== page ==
Model Driven Development, the end of the test profession?

MDD, the end of the test profession?Last month I was invited to give a keynote talk at the Dutch Testnet 2010 event. I explained the basic concepts of Model-Driven Development (MDD) to an audience of about 500 professional software testers and gave some food-for-thought (I hope) about the impact of MDD on the test profession.

I really enjoyed the event. Please find a brief overview of my talk and the slides below.


Storyline: Marvin discovers MDD

Testnet Keynote
I tried to explain the basic concepts of MDD by sharing the story of Marvin, a smart, imaginary programmer who discovers the key elements of Model-Driven Development. Marvin develops web applications and is tired of executing multiple changes in all parts of the software to deliver one business change. "Good programmers are lazy" means that good programmers always strive to efficiency. Marvin starts to use the DRY principle: Don’t Repeat Yourself. He makes sure to use one program definition and generate all parts of the software from that definition. The result: one business changes means one change in the program definition.

The question is what elements should be part of the program definition (model, if you like) and what elements should be generated from that definition? Marvin analyzes the web applications he has build for his customers and divides them into a static part and a variable part. The static part is the same for every web application. The variable part can change, based on the wishes of the customer. The static part can be put in a platform, the variable part should be defined in the model. By performing this analysis Marvin has a clear idea what to model and what to put in the platform. Marvin used a bottom-up approach, it’s also possible to use a top-down approach and start by performing a domain analysis.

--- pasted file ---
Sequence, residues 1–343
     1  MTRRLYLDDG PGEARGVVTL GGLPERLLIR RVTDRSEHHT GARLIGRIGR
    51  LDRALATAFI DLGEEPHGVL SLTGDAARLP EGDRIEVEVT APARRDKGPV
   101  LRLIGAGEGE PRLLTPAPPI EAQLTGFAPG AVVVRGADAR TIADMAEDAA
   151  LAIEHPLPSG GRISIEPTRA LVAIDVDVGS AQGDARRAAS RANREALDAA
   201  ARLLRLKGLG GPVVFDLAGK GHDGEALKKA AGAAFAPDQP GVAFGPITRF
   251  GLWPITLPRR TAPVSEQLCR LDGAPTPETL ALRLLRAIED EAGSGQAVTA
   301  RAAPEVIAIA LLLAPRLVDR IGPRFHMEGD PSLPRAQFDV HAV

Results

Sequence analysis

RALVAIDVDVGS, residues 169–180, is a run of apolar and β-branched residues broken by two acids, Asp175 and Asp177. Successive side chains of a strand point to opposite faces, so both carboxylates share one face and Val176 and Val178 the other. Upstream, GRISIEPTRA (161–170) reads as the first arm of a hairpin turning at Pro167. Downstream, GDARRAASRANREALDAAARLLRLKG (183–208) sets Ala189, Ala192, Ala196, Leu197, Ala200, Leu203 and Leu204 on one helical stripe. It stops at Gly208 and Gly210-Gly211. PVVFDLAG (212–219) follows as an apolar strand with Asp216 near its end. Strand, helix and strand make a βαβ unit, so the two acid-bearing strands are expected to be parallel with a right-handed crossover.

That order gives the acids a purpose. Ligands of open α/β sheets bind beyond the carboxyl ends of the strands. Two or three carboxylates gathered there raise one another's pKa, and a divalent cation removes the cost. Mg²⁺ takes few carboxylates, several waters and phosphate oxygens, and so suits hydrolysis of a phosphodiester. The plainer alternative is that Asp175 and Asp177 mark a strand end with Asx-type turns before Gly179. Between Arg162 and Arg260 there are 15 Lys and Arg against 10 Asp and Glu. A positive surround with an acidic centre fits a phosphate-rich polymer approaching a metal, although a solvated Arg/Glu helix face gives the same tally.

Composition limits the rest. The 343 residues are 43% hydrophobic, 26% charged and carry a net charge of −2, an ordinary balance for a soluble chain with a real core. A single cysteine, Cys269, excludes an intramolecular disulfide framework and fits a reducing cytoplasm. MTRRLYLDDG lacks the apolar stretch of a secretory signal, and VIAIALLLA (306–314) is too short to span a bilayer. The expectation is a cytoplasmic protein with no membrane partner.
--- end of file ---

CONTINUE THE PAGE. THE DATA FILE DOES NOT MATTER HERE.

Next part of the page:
Business is going well for Marvin, but it comes with a price: he doesn’t have the time to focus on improving the platform, to focus on technology. Marvin tries to solve this by providing tooling to make the specification of the model and the execution of that model easier. He provides a graphical syntax for the Domain-Specific Languages and introduces a "one-click-deploy" option. In this way he enables business engineers to build software for customers, while he can focus on the technological details and the tooling (separation of concerns). By providing abstraction (high-level modeling languages) and automation (tool support) he empowers business engineers to build software, to focus on the business problem instead of the technology.

MDD will change the test profession

Impact of MDD on V-modelWhat is the impact of MDD on the test profession? Does MDD lead to higher quality software and is testing less required? Let’s look at the V-model. This model is well-known by professional testers. The left part focuses on system development, the right part on system verification and validation.

The impact of MDD on the left part is that the lower half will be automated (i.e. will move to the MDD tool vendor), the focus will be on the upper half. The focus in software development will move from programming to requirements and functional design.

In the right part of the V-model we will see the same movement. The focus of professional testers will move from low-level system testing (unit tests, component tests, "technical testing") to validation and verification of the models. Testers will focus more on testing the business fit of a software system and will have more time to test the non-functionals (e.g. usability, security, performance) of a system.

Will this mean the end of the test profession? I don’t think so because:

  • We still need to validate and verify the models.
  • We need to test complex systems in complex environments (organization fit, supply chains).